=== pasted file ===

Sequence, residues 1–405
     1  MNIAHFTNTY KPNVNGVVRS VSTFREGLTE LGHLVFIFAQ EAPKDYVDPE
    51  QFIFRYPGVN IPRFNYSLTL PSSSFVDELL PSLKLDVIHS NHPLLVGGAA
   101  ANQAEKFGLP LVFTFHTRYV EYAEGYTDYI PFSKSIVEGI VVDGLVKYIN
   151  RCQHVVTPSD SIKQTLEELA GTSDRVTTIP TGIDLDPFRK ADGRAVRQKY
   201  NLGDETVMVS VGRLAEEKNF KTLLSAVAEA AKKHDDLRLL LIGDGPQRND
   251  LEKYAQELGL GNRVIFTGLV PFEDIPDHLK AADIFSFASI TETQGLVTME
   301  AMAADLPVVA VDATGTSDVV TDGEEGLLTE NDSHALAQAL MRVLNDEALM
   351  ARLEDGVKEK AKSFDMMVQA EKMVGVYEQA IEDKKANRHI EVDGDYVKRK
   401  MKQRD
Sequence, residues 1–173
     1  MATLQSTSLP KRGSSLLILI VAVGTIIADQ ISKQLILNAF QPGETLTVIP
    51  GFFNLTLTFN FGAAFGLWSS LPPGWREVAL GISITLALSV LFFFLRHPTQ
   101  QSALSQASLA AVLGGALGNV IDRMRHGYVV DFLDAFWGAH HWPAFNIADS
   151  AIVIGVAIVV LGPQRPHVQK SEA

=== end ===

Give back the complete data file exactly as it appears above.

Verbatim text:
Sequence, residues 1–405
     1  MNIAHFTNTY KPNVNGVVRS VSTFREGLTE LGHLVFIFAQ EAPKDYVDPE
    51  QFIFRYPGVN IPRFNYSLTL PSSSFVDELL PSLKLDVIHS NHPLLVGGAA
   101  ANQAEKFGLP LVFTFHTRYV EYAEGYTDYI PFSKSIVEGI VVDGLVKYIN
   151  RCQHVVTPSD SIKQTLEELA GTSDRVTTIP TGIDLDPFRK ADGRAVRQKY
   201  NLGDETVMVS VGRLAEEKNF KTLLSAVAEA AKKHDDLRLL LIGDGPQRND
   251  LEKYAQELGL GNRVIFTGLV PFEDIPDHLK AADIFSFASI TETQGLVTME
   301  AMAADLPVVA VDATGTSDVV TDGEEGLLTE NDSHALAQAL MRVLNDEALM
   351  ARLEDGVKEK AKSFDMMVQA EKMVGVYEQA IEDKKANRHI EVDGDYVKRK
   401  MKQRD
Sequence, residues 1–173
     1  MATLQSTSLP KRGSSLLILI VAVGTIIADQ ISKQLILNAF QPGETLTVIP
    51  GFFNLTLTFN FGAAFGLWSS LPPGWREVAL GISITLALSV LFFFLRHPTQ
   101  QSALSQASLA AVLGGALGNV IDRMRHGYVV DFLDAFWGAH HWPAFNIADS
   151  AIVIGVAIVV LGPQRPHVQK SEA